I have just spent an interesting hour researching pole fires.  The short version is that at this time of year, dirt and road salt can build up on the ceramic insulators which keep the wires away from the large bolts which support the wires and connect them to the pole.  Dry salt does not conduct, but under the right conditions of humidity, the accumulated salt can begin to conduct current through to the metal bolt beneath the insulation.  This can in its turn heat the bolt which chars the post, sometimes to the point that the wood ignites.  This produces a pole fire, the most common cause of power outages in cold climates.  Repairs typically involve replacing the pole and any hardware attached to it, as it’s all toast if there is a fire.

Last night’s pole fire resulted in a six-hour outage to four hundred customers.  Though they restored the power in that interval, I saw the crew was still at work on the pole (which appears to hold three transformers) in front of Baker’s Feeds at noon today.


13 April, 2017  Douglas Fyfe accepts the proffered mantle.

Jim, thank you for graciously passing of the Mantel. In this increasingly unpredictable world we live I am grateful for the constants, including Rod and his diligent efforts to keep us informed and distracted with all things ice and snow.  Of course, Newboro Lake is far from predictable –  indeed she is complicated.  I would never claim to know her secrets and any indications otherwise are simply the result of her toying with us.  I  am lucky – very lucky to have bestowed on me the honour or Ice Out winner for 2017.  More importantly, I am lucky to be able to spend quality time on Newboro lake year after year and to share in her delights with so many others.  See you all on the lake!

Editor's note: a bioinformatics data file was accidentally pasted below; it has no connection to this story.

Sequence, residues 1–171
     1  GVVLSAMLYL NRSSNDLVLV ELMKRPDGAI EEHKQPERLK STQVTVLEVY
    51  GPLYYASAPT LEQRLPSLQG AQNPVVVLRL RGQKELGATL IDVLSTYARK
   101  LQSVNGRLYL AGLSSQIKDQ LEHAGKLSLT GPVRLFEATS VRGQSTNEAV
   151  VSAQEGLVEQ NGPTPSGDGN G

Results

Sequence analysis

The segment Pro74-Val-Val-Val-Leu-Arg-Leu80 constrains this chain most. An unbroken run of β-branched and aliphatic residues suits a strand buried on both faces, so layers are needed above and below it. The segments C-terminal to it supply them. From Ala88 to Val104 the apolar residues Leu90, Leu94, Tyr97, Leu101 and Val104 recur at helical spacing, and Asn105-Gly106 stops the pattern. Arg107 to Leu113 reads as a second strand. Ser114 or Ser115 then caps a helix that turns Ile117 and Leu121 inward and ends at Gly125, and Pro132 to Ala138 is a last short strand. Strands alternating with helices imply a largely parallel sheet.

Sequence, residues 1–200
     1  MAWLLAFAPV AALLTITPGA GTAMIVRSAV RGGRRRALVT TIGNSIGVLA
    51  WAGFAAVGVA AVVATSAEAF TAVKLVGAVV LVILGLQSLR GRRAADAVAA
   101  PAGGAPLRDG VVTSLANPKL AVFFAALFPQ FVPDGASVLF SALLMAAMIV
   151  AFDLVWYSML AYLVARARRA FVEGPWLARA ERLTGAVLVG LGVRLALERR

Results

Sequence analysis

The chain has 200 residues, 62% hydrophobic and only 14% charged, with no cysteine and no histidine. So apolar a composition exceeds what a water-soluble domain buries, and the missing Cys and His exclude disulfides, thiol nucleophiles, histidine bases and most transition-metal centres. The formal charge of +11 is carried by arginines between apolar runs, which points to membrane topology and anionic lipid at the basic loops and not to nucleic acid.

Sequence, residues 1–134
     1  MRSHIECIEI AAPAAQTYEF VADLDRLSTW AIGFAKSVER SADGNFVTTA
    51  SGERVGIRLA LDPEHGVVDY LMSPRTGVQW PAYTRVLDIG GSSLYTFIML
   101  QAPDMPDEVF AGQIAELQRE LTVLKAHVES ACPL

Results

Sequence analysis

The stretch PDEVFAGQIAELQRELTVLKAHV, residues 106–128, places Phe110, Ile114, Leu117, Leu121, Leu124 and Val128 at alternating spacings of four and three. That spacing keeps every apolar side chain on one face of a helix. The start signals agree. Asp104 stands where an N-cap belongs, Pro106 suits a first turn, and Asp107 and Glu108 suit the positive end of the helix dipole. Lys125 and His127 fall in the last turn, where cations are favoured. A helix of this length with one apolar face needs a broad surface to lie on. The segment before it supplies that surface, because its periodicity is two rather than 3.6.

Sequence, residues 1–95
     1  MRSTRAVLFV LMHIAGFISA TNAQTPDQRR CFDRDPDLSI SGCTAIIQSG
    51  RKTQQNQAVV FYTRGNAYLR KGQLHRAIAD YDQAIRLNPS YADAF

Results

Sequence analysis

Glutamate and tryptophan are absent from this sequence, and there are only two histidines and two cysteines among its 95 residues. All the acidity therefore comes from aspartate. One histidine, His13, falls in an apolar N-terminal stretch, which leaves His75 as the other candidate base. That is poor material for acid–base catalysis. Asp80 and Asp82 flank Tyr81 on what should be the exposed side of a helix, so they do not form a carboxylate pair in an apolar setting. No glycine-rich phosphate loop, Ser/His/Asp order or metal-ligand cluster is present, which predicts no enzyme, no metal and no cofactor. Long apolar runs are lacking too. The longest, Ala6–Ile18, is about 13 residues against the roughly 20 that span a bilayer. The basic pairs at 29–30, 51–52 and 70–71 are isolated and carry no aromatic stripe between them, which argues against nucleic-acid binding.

Doug   (Emerald Island)


12 April, 2017  Jim Waterbury relinquishes the Mantle:

Hello Rod,

As the proud bearer of the 2016 Ice-Out Mantle I am very pleased to relinquish it to Doug.  Doug seems to have a good nose for the lake as this is the second time in 3 years he has been correct in his predictions!

Doug, I know you will bear the Mantle with grace and humility, while entertaining all onlookers with your acumen and keen insight.  Congratulations!

May 2017 be another wonderful year for all of us on the lake.


Jim Waterbury



11 April, 2017, 8:45 a.m.

There being no contrary assertions to Maggie Fleming’s report of 10 April, 2017, I hereby declare Doug Fyfe of Emerald Island the 2017 winner of the guess-the-ice-out contest for Newboro Lake.  Congratulations, Doug, and may you enjoy the all of the rights and privileges which come with this award.